The other book non-fiction book that I read was on the Telangana movement. The book looks at the Telangana movement; the people there are battling for a separate state ever since the state of Andhra Pradesh was formed in 1956.
Telangana that was ruled by the Nizams before Independence never wanted to be a part of Andhra Pradesh, fearing that their people would be displaced by the more enterprising and better educated migrants from the Andhra region.The seeds of dissent were for all to see, but just that, it was largely ignored by the central government.
The book goes on to argue how first betrayed, in terms of development, by the Nizams and then by each successive CM, on how fund marked and raised for the Telangana region were instead pumped into AP. Differences cropped up not just in development of the area but Telengana employees also felt they were overlooked via a vis Andhraites where promotions were concerned.
The students of Osmania University in 1968 called for a separate Telanagan state and slowly this agitation started to spread which led to massive agitations in 1969, this left 400 people dead, but soon the movement petered out.The movement gained momentum again with the creation of new states like Jharkhand, Chattisgarh and Uttranchal in 2000. Since then Telangana has come to occupy centre stage in the state’s politics, with elections won and lost over the issue. In 2009, the central government committed to carve out a separate state but then soon after has been dilly dallying over it. They fear the backlash of its Andhra voters. Yes that is the sad politics behind it, every successive government has failed the people of Telangana hence their unhappiness and frustration.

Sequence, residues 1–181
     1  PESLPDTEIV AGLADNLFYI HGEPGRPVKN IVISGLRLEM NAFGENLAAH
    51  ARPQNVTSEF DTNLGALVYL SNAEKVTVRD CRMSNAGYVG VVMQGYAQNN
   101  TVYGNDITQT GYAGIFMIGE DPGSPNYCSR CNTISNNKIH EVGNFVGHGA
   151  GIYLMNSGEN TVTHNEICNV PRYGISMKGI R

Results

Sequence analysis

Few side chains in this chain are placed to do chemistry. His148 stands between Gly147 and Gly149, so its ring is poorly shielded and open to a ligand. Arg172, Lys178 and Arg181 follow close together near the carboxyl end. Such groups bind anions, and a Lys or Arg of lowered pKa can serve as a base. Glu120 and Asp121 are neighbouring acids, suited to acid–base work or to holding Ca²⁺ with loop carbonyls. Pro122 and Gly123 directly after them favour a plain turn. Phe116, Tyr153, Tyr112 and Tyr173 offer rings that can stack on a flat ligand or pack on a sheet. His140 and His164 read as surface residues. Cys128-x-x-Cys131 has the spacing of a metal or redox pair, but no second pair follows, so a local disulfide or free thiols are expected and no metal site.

What is more is at the heart of this agitation lies the claim for the city of Hyderabad. The capital of AP lies bang in the middle of Telangana so they demand that it should rightfully belong to them, whereas for very obvious reasons Andhraites are reluctant to concede to this demand. While both sides fight over it the end sufferers here are the residents of Hyderabad for whom the uncertainty has become a way of life.
So where is the agitation heading, will the Centre be able to find a middle ground and make both parts happy. The book explores the complex issues and underlying causes behind the demand for a new state.
The book makes for an insightful read and I’d highly recommend it to anyone who would want to know and learn the history behind the Telangana movement.
About the Author:
Kingshuk Nag is the resident editor of The Times Of India’s Hyderabad edition. A recipient of the Prem Bhatia award for his political analysis and reporting of the Gujarat riots of 2002, this is Nag’s second book. His first book, The Double Life of Ramalinga Raju: The Story of India’s Biggest Corporate Fraud, was a critically acclaimed bestseller.